Media - 2013.15 - SAAM-2013.15_1 - 79450
Copied Marcos Dimas, Pariah, 1971-1972, oil on canvas, 6554 in. (165.1137.2 cm), Smithsonian American Art Museum, Museum purchase through the Luisita L. and Franz H. Denghausen Endowment, 2013.15, © 1971-1972, Marcos Dimas

Artwork Details

Not on view
6554 in. (165.1137.2 cm)
© 1971-1972, Marcos Dimas
Credit Line
Museum purchase through the Luisita L. and Franz H. Denghausen Endowment
Mediums Description
oil on canvas
  • Figure — bust
Object Number

Artwork Description

The defiant figure in Pariah wears an indigenous amulet and has wavy black hair that suggests African ancestry. Dimas depicted his monumental figure using a range of paintings styles associated with abstract art that flourished in New York during and after the 1950s. He painted Pariah shortly after he cofounded Taller Boricua, an artists’ collective that shaped the cultural dimensions of the Puerto Rican civil rights movement in New York. These artists created works that affirmed the hybrid African and indigenous (or Taino) identity of Puerto Ricans.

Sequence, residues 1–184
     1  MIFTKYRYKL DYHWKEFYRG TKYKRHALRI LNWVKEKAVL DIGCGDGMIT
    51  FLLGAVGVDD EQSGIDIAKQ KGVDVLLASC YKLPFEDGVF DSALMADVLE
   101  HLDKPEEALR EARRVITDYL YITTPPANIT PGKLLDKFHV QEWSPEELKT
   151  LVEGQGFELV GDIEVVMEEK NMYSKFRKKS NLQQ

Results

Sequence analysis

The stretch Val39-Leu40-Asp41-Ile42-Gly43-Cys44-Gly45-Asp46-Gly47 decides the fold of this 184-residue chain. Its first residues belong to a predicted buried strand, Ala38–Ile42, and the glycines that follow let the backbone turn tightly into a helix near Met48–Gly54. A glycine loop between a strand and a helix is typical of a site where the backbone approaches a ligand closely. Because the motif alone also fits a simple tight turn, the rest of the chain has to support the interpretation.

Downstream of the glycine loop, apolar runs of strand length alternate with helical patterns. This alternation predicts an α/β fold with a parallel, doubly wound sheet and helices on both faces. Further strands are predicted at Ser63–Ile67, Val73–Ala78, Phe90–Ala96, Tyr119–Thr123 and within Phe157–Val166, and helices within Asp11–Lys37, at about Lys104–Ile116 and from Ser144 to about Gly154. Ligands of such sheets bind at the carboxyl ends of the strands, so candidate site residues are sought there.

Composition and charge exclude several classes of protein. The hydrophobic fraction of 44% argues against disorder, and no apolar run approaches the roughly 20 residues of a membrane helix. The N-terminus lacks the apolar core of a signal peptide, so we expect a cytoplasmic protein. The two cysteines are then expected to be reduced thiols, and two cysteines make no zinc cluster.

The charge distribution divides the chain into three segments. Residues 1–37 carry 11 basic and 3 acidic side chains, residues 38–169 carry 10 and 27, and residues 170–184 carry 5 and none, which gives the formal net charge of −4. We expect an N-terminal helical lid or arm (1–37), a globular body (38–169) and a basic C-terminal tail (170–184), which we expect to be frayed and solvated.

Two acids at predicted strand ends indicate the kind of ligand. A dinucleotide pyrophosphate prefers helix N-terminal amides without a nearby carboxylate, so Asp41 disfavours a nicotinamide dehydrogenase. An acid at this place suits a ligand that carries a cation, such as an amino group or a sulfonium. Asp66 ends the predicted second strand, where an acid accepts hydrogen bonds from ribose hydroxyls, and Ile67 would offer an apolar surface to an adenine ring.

Our America: The Latino Presence in American Art, 2013

Description in Spanish

La figura desafiante en Pariah lleva un amuleto indígena y tiene el cabello negro y ondulado sugerente de la ascendencia africana. Dimas utilizó la gama de estilos pictóricos relacionados con el arte abstracto que floreció en Nueva York desde la década de los cincuenta para representar esta figura monumental. El pintó Pariah poco después de co-fundar el Taller Boricua, el colectivo de artistas que formuló la plataforma cultural del movimiento a favor de los derechos civiles de los puertorriqueños en Nueva York. Estos artistas crearon obras que afirmaron la identidad africana e indígena (o taína) híbrida, de los puertorriqueños.



Media - 2011.12 - SAAM-2011.12_1 - 77591
Our America: The Latino Presence in American Art
October 24, 2013March 2, 2014
Our America: The Latino Presence in American Art presents the rich and varied contributions of Latino artists in the United States since the mid-twentieth century, when the concept of a collective Latino identity began to emerge.

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Media - 2013.15 - SAAM-2013.15_1 - 79450
The civil rights era is resonant in many works featured in Our America: The Latino Presence in American Art, which remains on view until March 2, 2014. Several artists in the exhibition came of age during the 1960s and 1970s when the movement thrived and had ripple effects in communities across the United States. Not only did activists and organizers like César Chávez, Dolores Huerta, and Antonia Pantoja build on Dr. King's legacy and demand Latino equal rights in the arenas of labor and education, some Latino artists created works and organizations that challenged traditional racial hierarchies that undergirded American society.